Not so long ago, magazine and newspaper editors knew exactly what they were looking for when hiring young journalists. Certain jobs called for certain skills: Reporters had to report, researchers had to research, designers had to design.
These days, things are more complicated. Most of the new jobs in journalism are on the digital side, where a broader and somewhat different set of skills is required than we print hires possessed a generation or two ago. What editors need now is a new breed of journalist.
Over the last few years at The Atlantic, I’ve played a part in hiring several dozen young digital journalists—into new jobs, thanks to our web expansion, or into open slots created by departing employees. (We have, of course, brought on lots of experienced journalists, too.) What we’re looking for, I’ve come to realize, is people who can do a bit of everything: report and write stories; write headlines and deks; select and crop photos; fact check and copy edit the work of others; make charts and graphs; oversee social media; manage outside writers. (And hey, can you do some coding?)
The upshot: Today, everyone is an editor-in-chief.
This transition from vertical job descriptions to horizontal job descriptions is perhaps the most profound change in newsrooms that are full of change. I can’t say whether this is a sign of trouble or triumph for journalism. Probably both. But it is definitely a matter of fact.
As an industry, we’ve come to the point where we are asking a lot of relatively inexperienced twentysomethings, perhaps too much. The range of duties, combined with the need for speed, can lead to mistakes. But my sense is that there’s no going back. The new platforms and the new business environment demand a shift from more genteel times. The good news is that as much as we expect of these new hires, it’s been my experience that they can do the work. There’s a surprising amount of talent and energy and sophistication out there.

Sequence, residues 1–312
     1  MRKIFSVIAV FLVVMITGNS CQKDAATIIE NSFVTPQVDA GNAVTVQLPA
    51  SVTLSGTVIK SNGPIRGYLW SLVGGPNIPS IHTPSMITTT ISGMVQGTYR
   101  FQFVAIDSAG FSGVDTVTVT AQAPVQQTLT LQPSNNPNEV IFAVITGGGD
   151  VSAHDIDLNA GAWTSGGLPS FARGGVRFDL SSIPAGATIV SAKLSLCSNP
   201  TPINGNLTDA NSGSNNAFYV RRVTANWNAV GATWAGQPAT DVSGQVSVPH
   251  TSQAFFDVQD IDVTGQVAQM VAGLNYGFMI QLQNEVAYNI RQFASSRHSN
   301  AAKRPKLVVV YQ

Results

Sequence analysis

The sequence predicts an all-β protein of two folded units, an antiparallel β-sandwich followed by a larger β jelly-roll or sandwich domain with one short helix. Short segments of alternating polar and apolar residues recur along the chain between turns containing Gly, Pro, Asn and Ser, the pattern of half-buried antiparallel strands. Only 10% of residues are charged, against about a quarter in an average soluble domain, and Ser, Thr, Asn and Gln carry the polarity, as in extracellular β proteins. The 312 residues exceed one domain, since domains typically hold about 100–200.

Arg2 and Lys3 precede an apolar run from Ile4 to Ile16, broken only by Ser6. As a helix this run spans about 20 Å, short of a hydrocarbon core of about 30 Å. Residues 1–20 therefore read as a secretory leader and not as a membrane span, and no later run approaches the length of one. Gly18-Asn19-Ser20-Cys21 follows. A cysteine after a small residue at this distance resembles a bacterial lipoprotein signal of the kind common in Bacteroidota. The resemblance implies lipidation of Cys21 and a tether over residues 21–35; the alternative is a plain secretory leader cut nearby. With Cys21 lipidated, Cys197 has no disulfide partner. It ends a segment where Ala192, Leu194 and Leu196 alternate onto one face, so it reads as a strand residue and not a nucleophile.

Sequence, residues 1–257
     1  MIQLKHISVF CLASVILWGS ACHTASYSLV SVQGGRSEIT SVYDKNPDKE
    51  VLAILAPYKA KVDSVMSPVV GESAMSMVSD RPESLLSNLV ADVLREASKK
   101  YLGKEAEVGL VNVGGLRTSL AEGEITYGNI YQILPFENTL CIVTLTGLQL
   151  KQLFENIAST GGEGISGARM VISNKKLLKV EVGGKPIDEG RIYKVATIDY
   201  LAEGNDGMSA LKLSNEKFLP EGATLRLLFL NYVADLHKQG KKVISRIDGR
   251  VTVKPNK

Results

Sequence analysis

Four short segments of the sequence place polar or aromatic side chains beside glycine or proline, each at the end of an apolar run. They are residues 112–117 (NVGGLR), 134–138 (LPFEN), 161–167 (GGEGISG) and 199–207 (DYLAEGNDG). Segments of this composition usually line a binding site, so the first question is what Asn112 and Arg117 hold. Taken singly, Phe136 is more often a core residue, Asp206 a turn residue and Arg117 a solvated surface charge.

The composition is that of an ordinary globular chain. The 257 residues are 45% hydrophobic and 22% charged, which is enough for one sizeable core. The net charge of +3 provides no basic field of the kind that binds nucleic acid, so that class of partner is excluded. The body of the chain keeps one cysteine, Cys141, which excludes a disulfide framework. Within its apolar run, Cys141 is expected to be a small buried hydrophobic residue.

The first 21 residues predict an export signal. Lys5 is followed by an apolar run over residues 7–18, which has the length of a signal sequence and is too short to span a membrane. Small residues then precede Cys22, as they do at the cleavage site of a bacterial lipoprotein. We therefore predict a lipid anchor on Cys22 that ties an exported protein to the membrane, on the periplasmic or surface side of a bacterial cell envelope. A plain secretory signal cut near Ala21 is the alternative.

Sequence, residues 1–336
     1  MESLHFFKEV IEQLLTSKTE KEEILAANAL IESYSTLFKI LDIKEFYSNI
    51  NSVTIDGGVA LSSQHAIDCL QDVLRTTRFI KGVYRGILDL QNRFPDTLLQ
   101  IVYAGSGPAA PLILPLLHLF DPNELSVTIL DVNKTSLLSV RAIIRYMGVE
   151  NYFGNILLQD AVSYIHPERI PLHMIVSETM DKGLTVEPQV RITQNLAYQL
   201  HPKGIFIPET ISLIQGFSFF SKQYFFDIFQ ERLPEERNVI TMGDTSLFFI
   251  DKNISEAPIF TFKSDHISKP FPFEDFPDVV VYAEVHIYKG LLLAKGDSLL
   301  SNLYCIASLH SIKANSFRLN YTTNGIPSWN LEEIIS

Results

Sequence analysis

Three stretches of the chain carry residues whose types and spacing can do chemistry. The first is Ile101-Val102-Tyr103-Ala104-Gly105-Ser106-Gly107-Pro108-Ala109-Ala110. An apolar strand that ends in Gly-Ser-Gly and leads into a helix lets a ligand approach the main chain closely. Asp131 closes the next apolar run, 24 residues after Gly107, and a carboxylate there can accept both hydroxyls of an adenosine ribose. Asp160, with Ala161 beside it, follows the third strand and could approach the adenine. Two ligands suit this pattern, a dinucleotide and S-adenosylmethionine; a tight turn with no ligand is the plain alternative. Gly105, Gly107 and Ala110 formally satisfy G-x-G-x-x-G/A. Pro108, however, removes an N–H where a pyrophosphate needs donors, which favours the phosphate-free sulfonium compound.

Finding this talent marries traditional recruiting methods with an eye toward the new realities. On the traditional side, it still pays to cast a wide net, even if that means sifting through more than a hundred resumes for every opening. And we’re still looking at customary markers of excellence: success in past jobs, intellectual curiosity, dynamic thinking.
But the new world prizes other skills, too. The best hires possess a kind of creativity and entrepreneurialism that my peers and I surely didn’t have at that age. Today’s young web journalists are learning to frame and write stories in innovative ways. And as smart at they are, they’re also playful, ready to bring some fun to the game.
We also look for a candidate’s ability to make lateral connections across topics. In interviewing business writers, we might ask about tax policy and retail trends but we’re most interested in how candidates think about non-business topics—and whether they have the instinct to apply a business or economics lens to everyday subjects. Likewise, we look for what Gabriel Snyder, editor of The Atlantic Wire, calls “keyboard presence.” Just as actors can have stage presence and athletes can have field presence, a good web writer is a natural in front of the screen.
And then there’s speed. Digital hires ought to be able to move quickly from task to task, keep active multiple windows—on their screens and in their heads. But not, alas, at the expense of accuracy. In a world where there’s typically one layer of editing instead of two or three (or more), you gotta get it right.
In pursuit of journalists with these new skills, we’ve found that it can pay to look in unlikely places. Alan Taylor, who oversees The Atlantic’s crowd-pleasing “In Focus” photo blog, was a web developer at the Boston Globe when he started assembling image galleries on the side. James Hamblin, The Atlantic’s new health editor, is a medical doctor who had just finished his internship in radiology when he joined us as a full-time editor and writer. Neither Alan nor Jim came to us with anything close to a traditional journalism background. But they have the right sensibilities—and the skills to succeed in a new age.